Mosiah 1:2-4 reads as follows:
2 And it came to pass that he had three sons; and he called their names Mosiah, and Helorum, and Helaman. And he caused that they should be taught in all the language of his fathers, that thereby they might become men of understanding; and that they might know concerning the prophecies which had been spoken by the mouths of their fathers [on the Plates of Nephi, etc.], which were delivered them by the hand of the Lord.
3 And he also taught them concerning the records which were engraven on the plates of brass, saying: My sons, I would that ye should remember that were it not for these plates, which contain these records and these commandments, we must have suffered in ignorance, even at this present time, not knowing the mysteries of God.
4 For it were not possible that our father, Lehi, could have remembered all these things, to have taught them to his children, except it were for the help of these plates; for he having been taught in the language of the Egyptians therefore he could read these engravings, and teach them to his children, that thereby they could teach them to their children, and so fulfilling the commandments of God, even down to this present time.
As generally interpreted, this verse is understood to imply that the Brass Plates were written in the “language of the Egyptians.” However, there are two sets of records mentioned in this passage, the Book of Mormon plates mentioned in 1:2, and the “Plates of Brass” mentioned in 1:3. The question becomes, what is the antecedent of “these plates” in 1:4a? Are they the Book of Mormon Plates? Or are they the Plates of Brass?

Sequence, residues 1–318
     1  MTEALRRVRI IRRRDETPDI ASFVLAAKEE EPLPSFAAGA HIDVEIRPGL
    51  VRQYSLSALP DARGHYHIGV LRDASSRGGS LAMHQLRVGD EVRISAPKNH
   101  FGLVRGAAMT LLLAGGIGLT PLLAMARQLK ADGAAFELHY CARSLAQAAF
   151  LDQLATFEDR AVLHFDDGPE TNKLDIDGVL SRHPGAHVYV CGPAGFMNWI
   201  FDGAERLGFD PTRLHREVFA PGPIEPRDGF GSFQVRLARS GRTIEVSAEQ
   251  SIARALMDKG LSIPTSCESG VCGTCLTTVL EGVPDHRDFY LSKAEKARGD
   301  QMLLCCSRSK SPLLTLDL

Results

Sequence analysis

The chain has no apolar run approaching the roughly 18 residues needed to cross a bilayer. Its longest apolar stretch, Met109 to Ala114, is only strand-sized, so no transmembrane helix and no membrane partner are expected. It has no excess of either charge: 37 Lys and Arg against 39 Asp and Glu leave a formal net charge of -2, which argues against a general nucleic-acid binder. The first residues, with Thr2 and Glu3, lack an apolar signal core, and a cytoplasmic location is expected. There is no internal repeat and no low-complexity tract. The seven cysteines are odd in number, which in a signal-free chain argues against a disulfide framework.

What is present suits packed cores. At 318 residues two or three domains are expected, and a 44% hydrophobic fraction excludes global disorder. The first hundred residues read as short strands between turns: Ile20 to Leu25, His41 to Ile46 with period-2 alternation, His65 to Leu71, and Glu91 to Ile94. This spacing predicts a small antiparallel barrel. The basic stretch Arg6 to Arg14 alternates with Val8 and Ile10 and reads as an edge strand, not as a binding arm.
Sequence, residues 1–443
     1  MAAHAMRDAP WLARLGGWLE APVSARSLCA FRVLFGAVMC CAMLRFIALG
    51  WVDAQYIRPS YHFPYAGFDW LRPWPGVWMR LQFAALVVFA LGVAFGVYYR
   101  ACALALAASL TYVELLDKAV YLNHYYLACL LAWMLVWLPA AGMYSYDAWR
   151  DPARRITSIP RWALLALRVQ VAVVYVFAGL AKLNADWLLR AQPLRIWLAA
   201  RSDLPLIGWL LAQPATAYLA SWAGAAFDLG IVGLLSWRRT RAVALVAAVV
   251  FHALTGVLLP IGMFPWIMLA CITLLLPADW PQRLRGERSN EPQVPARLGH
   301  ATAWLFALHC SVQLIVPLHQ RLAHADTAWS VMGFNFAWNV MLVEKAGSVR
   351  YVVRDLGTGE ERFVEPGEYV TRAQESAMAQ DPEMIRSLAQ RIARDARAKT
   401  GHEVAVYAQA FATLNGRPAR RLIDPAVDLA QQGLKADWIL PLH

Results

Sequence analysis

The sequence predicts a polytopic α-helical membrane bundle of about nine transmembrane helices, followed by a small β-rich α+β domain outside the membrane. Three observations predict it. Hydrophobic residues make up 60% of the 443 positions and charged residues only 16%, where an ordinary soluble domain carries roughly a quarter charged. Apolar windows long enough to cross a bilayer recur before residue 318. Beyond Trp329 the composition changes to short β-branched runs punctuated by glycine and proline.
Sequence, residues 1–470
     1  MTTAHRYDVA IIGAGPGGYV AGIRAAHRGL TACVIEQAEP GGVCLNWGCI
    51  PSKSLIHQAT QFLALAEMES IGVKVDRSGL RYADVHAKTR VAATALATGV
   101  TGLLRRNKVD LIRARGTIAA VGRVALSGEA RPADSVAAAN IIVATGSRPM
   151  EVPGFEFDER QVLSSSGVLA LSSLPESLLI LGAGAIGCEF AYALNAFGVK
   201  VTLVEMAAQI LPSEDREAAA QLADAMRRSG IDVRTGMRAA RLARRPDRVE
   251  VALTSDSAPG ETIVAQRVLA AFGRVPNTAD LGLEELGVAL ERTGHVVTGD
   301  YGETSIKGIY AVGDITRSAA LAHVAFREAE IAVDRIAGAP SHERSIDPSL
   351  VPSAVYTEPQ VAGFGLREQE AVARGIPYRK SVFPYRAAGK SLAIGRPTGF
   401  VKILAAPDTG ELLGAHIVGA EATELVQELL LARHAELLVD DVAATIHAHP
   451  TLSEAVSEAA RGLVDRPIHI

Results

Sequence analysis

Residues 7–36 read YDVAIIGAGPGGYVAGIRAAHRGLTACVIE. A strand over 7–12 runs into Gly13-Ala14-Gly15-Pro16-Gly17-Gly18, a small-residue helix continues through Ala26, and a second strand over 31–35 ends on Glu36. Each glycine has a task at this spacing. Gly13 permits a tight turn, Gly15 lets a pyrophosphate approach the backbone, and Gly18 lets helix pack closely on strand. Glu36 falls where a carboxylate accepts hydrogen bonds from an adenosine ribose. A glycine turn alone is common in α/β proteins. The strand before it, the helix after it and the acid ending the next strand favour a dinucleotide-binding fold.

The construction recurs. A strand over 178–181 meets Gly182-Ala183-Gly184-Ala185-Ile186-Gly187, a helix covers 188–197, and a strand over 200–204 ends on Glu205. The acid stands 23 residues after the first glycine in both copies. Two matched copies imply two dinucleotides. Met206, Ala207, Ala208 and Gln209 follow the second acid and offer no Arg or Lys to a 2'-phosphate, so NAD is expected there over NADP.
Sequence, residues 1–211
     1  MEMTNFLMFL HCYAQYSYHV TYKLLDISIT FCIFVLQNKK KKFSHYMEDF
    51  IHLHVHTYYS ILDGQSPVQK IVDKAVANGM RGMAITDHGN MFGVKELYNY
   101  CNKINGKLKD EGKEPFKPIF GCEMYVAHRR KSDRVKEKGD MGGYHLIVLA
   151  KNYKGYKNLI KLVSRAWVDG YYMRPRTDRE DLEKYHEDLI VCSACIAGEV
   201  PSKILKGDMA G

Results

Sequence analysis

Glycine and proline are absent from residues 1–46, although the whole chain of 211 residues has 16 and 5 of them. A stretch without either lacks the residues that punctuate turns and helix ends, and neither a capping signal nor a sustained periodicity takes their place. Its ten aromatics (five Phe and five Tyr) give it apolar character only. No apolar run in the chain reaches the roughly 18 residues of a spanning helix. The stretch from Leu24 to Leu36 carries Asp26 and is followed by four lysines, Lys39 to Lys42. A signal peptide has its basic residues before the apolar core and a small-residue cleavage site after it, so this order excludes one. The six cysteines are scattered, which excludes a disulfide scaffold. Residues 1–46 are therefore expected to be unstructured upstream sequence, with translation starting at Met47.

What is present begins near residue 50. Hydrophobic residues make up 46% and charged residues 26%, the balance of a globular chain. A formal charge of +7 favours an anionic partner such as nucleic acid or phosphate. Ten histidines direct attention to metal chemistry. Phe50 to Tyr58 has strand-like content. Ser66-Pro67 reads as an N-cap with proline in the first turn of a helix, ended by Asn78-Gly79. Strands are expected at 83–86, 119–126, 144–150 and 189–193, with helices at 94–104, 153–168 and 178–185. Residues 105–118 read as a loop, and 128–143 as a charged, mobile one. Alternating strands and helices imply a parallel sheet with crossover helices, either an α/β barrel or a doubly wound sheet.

I think it is possible to read this passage with the antecedent of “these plates” being not the Plates of Brass, but the Plates of the Book of Mormon. In that case, the Book of Mormon is written in Hebrew language and reformed Egyptian script, and thus it is necessary to know “the language of the Egyptians” in order to read them. If this is correct, then the language of the Brass Plates is not described in this passage, and would presumably be Hebrew.
Another interesting possibility is that the most archaic Joseph (of Egypt) material was in Egyptian, but most of the rest in Hebrew. This would then require knowledge of Egyptian to read the all plates, even if you could read most of them knowing only Hebrew.